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Writing from idea to thought: Editor's Notes #186
May 15, 2015
Hello,

The difference between an idea and a thought might be described as the difference between a kiss and a marriage.
--D. Murray


In this issue:

1. Writing from idea to thought
2. Tickled my funnybone
3. Interesting Web site

1. Writing from idea to thought
Any writing for publication is an attempt to take ideas from one mind and introduce them to another mind. An idea comes relatively quickly "like a bolt from the blue." A developed idea becomes developed through thought. Having some awareness of how an idea grows through thinking helps writers to write with more efficiency and purpose.

Getting from idea to fully developed thought involves three basic steps.

  • Open up
    Explore the initial idea from as many angles are possible. What have others thought about this idea? Read, read, read. And reflect on what you read. The more broadly you research at this point the better because you don't know yet where your idea will take you and what will be important in your journey.

    Record new ideas and thoughts that impress you. Use 3x5 cards, charts, voice recordings, whatever works for you.


  • Sort out
    Block out significant time to sort through all the collected material. I often clear the largest floor space I have and spread my notes all over. As I reread each item I've noted, I look for links between ideas. Do they all point in one direction? Is there a clear path? Do I need more research into any of the ideas I've collected? Does a form emerge from the mass of material?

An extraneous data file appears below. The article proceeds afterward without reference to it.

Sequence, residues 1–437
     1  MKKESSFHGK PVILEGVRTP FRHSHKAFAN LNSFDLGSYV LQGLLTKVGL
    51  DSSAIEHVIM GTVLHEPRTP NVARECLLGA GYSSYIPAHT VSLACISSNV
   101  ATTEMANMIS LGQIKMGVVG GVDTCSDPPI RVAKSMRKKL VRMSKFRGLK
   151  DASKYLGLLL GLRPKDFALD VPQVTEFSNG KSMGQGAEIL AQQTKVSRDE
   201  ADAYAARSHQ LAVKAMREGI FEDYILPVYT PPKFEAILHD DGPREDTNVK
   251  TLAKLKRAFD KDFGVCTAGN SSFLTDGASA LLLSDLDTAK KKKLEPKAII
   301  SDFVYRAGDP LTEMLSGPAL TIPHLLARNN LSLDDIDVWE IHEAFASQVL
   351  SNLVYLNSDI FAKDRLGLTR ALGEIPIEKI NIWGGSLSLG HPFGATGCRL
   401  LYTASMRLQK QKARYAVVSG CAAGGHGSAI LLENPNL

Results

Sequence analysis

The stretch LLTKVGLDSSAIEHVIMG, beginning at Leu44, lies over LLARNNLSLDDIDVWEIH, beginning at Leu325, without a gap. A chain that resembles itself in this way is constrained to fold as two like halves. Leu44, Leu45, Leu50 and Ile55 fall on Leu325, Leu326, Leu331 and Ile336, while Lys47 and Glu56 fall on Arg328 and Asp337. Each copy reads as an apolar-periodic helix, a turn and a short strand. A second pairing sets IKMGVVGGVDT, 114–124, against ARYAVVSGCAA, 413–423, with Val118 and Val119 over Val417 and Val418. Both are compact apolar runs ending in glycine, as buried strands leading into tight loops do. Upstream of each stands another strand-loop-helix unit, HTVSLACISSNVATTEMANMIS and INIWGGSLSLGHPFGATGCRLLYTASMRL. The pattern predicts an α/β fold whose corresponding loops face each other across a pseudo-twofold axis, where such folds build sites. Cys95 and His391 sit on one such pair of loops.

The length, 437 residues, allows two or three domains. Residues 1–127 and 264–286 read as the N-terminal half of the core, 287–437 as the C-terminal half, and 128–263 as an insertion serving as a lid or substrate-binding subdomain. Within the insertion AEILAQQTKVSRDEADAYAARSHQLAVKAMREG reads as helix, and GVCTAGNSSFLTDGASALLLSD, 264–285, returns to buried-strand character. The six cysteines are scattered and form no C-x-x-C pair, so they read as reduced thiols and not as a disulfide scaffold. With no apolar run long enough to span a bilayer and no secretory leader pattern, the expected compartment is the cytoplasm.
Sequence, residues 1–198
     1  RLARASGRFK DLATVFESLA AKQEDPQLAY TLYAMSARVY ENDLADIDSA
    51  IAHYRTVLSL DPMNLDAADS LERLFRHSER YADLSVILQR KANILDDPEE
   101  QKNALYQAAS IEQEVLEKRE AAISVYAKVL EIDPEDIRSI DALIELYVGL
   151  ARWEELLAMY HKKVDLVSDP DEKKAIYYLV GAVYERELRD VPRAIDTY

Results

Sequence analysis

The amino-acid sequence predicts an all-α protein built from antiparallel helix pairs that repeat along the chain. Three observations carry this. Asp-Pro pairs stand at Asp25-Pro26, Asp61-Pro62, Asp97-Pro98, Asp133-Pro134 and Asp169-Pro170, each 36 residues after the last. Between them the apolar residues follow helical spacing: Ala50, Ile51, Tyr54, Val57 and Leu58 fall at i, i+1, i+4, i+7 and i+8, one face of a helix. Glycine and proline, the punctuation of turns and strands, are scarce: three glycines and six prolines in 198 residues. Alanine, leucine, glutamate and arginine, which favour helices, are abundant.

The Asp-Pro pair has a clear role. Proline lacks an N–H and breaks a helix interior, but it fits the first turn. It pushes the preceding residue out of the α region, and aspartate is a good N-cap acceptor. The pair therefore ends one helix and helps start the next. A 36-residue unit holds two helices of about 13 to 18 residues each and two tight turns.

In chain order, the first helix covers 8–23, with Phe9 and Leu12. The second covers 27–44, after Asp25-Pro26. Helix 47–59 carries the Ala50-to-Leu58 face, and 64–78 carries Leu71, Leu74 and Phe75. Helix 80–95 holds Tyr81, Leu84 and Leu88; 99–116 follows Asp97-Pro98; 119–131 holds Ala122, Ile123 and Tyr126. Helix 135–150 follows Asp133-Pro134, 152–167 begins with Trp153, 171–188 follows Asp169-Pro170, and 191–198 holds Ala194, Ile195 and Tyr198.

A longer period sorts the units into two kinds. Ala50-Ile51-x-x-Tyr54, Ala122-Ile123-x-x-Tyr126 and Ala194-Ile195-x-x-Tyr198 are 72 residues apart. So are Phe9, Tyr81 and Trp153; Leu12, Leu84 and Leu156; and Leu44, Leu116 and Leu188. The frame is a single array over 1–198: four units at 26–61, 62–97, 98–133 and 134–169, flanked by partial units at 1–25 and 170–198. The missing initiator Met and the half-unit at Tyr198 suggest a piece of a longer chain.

At this point, I physically create an outline. I put all cards that seem related to each other in series of piles. At the end, I record those things I need to keep thinking about and researching.


  • Close in
    Consideration of all the research usually clarifies where this piece of writing needs to go. Any holes have been exposed in the sorting stage. Next comes the pruning process. Take away every note that does not directly serve the purpose of the final product. If you've researched well, you may have more discards than keepers. That is fine. I label and save those notes because sometimes I find I need them in a way I can't imagine at this stage.


All that remains is to mold the expression of your well-developed idea. Are you going to write a poem, a travel guide, a novel, a magazine article? The thinking you have done before putting pen to paper or fingers to keys makes the composing process simpler.

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2.Tickled my funnybone
To steal ideas from one person is plagiarism. To steal from many is research.

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3. Interesting Web site
Donald Murray, whose quote opens this issue, has much to say on writing. Wikipedia has collected some of his most important ideas.
http://en.wikipedia.org/wiki/Donald_Murray_(writer)#On_writing

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